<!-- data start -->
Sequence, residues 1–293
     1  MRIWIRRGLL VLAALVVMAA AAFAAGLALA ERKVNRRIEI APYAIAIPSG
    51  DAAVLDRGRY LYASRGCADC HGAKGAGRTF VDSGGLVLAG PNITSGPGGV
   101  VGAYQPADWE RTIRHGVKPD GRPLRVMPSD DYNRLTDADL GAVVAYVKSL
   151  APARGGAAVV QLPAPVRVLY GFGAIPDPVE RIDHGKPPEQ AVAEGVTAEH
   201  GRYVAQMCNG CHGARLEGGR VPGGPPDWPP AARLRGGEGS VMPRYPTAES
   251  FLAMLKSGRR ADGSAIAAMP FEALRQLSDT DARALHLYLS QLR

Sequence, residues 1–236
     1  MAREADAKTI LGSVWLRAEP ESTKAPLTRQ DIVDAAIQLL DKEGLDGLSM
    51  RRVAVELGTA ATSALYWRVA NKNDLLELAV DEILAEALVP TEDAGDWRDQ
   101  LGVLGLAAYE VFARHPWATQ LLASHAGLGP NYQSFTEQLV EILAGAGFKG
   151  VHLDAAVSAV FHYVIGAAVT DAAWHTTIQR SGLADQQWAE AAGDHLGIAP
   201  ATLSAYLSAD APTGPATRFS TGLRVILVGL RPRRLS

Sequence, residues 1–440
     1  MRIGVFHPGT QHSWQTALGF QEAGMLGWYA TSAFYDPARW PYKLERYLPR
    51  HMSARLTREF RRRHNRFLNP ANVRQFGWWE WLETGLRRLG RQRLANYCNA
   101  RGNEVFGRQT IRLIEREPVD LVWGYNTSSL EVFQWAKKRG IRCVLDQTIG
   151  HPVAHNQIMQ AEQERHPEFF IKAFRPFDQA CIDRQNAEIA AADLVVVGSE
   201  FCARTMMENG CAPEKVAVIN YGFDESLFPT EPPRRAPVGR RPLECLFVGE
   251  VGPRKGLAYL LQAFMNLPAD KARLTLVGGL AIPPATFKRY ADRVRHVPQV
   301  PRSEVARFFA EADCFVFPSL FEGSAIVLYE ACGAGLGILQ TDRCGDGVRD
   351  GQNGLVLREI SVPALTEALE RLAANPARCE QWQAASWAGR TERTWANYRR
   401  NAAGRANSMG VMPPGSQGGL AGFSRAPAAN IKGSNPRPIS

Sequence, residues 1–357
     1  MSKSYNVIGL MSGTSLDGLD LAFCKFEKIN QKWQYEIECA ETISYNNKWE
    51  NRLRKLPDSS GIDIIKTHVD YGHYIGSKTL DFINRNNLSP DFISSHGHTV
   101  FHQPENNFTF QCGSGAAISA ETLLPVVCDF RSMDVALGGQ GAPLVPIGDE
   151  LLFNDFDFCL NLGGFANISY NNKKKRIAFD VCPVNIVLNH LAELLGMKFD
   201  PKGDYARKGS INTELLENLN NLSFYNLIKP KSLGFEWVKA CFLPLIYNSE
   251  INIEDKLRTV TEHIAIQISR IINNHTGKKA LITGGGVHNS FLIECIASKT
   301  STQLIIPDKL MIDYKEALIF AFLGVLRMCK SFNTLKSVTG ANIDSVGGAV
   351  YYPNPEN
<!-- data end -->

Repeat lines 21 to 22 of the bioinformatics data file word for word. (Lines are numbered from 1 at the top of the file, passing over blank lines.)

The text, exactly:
   301  PRSEVARFFA EADCFVFPSL FEGSAIVLYE ACGAGLGILQ TDRCGDGVRD
   351  GQNGLVLREI SVPALTEALE RLAANPARCE QWQAASWAGR TERTWANYRR